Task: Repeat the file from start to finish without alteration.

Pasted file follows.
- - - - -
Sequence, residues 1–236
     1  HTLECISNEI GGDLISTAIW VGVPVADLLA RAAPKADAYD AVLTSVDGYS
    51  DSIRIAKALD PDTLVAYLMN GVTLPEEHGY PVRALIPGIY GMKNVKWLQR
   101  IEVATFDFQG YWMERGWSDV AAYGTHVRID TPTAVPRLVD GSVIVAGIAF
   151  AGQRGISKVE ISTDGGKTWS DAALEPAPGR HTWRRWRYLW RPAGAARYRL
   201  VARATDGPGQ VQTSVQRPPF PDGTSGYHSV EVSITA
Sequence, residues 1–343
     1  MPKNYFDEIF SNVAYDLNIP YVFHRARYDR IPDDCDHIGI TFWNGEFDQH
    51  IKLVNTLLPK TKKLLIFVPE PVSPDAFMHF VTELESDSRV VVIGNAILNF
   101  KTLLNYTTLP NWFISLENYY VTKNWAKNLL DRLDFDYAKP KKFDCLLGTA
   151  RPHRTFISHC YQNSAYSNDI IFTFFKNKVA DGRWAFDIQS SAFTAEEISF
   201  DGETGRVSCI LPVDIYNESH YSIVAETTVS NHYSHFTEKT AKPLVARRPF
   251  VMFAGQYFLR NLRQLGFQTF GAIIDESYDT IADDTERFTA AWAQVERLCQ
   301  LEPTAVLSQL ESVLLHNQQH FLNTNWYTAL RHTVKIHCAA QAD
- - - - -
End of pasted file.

Sequence, residues 1–236
     1  HTLECISNEI GGDLISTAIW VGVPVADLLA RAAPKADAYD AVLTSVDGYS
    51  DSIRIAKALD PDTLVAYLMN GVTLPEEHGY PVRALIPGIY GMKNVKWLQR
   101  IEVATFDFQG YWMERGWSDV AAYGTHVRID TPTAVPRLVD GSVIVAGIAF
   151  AGQRGISKVE ISTDGGKTWS DAALEPAPGR HTWRRWRYLW RPAGAARYRL
   201  VARATDGPGQ VQTSVQRPPF PDGTSGYHSV EVSITA
Sequence, residues 1–343
     1  MPKNYFDEIF SNVAYDLNIP YVFHRARYDR IPDDCDHIGI TFWNGEFDQH
    51  IKLVNTLLPK TKKLLIFVPE PVSPDAFMHF VTELESDSRV VVIGNAILNF
   101  KTLLNYTTLP NWFISLENYY VTKNWAKNLL DRLDFDYAKP KKFDCLLGTA
   151  RPHRTFISHC YQNSAYSNDI IFTFFKNKVA DGRWAFDIQS SAFTAEEISF
   201  DGETGRVSCI LPVDIYNESH YSIVAETTVS NHYSHFTEKT AKPLVARRPF
   251  VMFAGQYFLR NLRQLGFQTF GAIIDESYDT IADDTERFTA AWAQVERLCQ
   301  LEPTAVLSQL ESVLLHNQQH FLNTNWYTAL RHTVKIHCAA QAD